French Open Ticket Guide

For those of you wanting to sample the unique atmosphere at the French Open, there are a couple of avenues through which to purchase French Open tickets; direct from the organisers or from a third party company.

The French Open is scheduled from May 26th until June 9th 2013.

Due to the high demand, you will have to reserve your French open tickets months before they are actually available. To stake you claim, you will need to complete either an original reservation form or a photocopied version. The applications are handled on a first-come, first-serve basis. If your chosen day is fully booked, a reimbursement cheque will be sent made out to the name and address on the form. Reservation forms for 2013 French Open tickets can be obtained from a couple of sources:

The French Open Stadium 2, avenue Gordon Benett 75016 Paris France


The Booking Office B.P. 333-16 75767 Paris Cedex 16

Unsold tickets are available from the stadium itself 8 days before the tournament starts.

Purchasing 2013 French Open tickets online

There are numerous firms that sell tickets for tournaments such as the French Open. Many operate via the Internet, and will take orders for tickets at any time. Despite this convenience, please bear in mind that they will only send your tickets when they receive them from the organisers which is generally a few weeks before the start of the event.

If you do choose to purchase over the web, the usual advice applies. Ensure that when giving credit/debit card details, the site is being served securely. This can be done by looking for ‘https’ in the address bar, and for a padlock at the bottom of your browser window. Check that the firm provide a offline address and telephone number, so that you can contact them in the event of any problems. ticket types and prices.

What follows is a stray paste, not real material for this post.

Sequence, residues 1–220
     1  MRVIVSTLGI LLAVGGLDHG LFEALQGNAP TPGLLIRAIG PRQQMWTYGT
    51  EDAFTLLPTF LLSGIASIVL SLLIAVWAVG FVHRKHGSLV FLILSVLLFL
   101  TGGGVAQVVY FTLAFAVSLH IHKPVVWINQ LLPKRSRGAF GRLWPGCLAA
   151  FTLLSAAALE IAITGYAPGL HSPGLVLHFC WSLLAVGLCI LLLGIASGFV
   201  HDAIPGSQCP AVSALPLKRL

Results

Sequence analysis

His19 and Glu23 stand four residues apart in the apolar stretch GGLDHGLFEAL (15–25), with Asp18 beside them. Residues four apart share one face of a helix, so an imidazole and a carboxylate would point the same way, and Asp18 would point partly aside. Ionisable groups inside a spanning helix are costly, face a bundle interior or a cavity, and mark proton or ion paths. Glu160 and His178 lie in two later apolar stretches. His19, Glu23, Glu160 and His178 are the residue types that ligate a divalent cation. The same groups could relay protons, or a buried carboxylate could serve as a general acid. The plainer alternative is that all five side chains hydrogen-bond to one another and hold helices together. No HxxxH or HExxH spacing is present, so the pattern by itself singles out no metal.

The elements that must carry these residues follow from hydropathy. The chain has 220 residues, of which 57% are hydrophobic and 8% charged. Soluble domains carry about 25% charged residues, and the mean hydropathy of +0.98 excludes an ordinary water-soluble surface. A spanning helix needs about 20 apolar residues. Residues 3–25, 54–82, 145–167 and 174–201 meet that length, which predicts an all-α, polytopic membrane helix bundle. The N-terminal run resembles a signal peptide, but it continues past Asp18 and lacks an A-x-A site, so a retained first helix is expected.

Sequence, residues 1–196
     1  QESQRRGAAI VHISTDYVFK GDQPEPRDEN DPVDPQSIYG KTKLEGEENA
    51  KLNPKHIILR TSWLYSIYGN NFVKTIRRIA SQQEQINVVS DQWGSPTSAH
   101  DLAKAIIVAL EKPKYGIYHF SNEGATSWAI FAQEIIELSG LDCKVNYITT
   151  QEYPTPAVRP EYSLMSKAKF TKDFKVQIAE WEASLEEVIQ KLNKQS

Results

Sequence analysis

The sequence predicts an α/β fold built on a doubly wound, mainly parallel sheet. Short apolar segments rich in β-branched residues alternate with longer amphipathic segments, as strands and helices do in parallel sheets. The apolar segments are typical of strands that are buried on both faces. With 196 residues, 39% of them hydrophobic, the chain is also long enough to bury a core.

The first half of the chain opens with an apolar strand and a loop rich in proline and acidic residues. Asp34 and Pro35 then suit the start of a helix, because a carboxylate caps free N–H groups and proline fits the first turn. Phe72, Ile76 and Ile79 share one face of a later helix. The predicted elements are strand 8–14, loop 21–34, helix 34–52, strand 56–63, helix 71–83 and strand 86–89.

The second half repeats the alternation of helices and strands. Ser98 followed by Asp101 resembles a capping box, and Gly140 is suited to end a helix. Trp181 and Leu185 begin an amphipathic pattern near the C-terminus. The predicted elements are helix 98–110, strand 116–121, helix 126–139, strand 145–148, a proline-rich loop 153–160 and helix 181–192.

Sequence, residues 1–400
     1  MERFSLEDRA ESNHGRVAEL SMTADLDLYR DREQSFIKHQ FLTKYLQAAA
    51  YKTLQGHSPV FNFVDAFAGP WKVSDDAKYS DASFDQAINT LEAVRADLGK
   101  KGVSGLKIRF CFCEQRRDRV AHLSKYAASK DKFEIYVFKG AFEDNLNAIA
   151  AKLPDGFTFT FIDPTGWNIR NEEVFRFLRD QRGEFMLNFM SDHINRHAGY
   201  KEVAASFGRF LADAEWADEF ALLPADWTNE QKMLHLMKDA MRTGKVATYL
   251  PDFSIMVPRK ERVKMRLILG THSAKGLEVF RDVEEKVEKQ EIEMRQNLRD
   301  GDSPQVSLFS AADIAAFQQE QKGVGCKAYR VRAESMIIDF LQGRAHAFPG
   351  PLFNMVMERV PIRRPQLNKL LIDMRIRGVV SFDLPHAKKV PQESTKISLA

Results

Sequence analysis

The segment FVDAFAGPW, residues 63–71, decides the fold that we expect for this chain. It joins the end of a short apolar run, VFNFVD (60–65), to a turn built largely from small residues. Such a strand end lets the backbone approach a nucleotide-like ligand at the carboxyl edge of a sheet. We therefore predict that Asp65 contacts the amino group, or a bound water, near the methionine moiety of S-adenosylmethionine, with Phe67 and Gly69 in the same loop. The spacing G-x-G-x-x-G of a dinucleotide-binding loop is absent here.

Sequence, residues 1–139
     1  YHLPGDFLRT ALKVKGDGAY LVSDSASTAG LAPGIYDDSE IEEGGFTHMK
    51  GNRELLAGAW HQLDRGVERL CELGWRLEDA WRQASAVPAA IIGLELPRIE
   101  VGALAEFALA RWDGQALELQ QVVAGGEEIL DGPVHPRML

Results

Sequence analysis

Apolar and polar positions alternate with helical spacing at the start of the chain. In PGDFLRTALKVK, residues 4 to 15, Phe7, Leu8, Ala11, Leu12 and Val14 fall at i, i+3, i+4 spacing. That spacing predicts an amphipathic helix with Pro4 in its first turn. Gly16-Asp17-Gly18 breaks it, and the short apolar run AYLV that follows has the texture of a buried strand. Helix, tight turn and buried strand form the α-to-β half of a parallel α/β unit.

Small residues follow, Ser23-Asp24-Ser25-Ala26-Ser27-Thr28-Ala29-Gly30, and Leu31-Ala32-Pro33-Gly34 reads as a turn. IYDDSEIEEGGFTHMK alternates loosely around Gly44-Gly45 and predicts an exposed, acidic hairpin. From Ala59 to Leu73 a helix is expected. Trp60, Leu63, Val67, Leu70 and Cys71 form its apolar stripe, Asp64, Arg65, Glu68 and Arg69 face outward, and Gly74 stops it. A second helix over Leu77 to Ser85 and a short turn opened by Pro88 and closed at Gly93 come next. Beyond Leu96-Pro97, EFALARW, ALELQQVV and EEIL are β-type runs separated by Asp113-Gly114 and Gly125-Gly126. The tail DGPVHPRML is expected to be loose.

2013 French Open Ticket Prices and Packages

Tickets for the French Open are likely to range in price from 80 to 350FF. Three of the courts have reserved seating throughout the fortnight: Court Philippe-Chatrier (Centre Court), Court Suzanne-Lenglen and Court No 1. This means that there are four types of tickets available:

  • Tickets to Centre Court and annexe courts for the duration of the tournament
  • Tickets to Court Suzanne-Lenglen and annexe courts for nine days
  • Tickets to Court No 1 and annexe courts for seven days
  • Tickets to annexe courts exclusively, for fourteen days seating capacities

There are 16 competition courts used during the French Open, all of which have stands. The capacities of the show courts are as follows:

Court Philippe-Chatrier (Centre Court): 15,166

Court Suzanne-Lenglen: 10,068

Court No 1: 3,518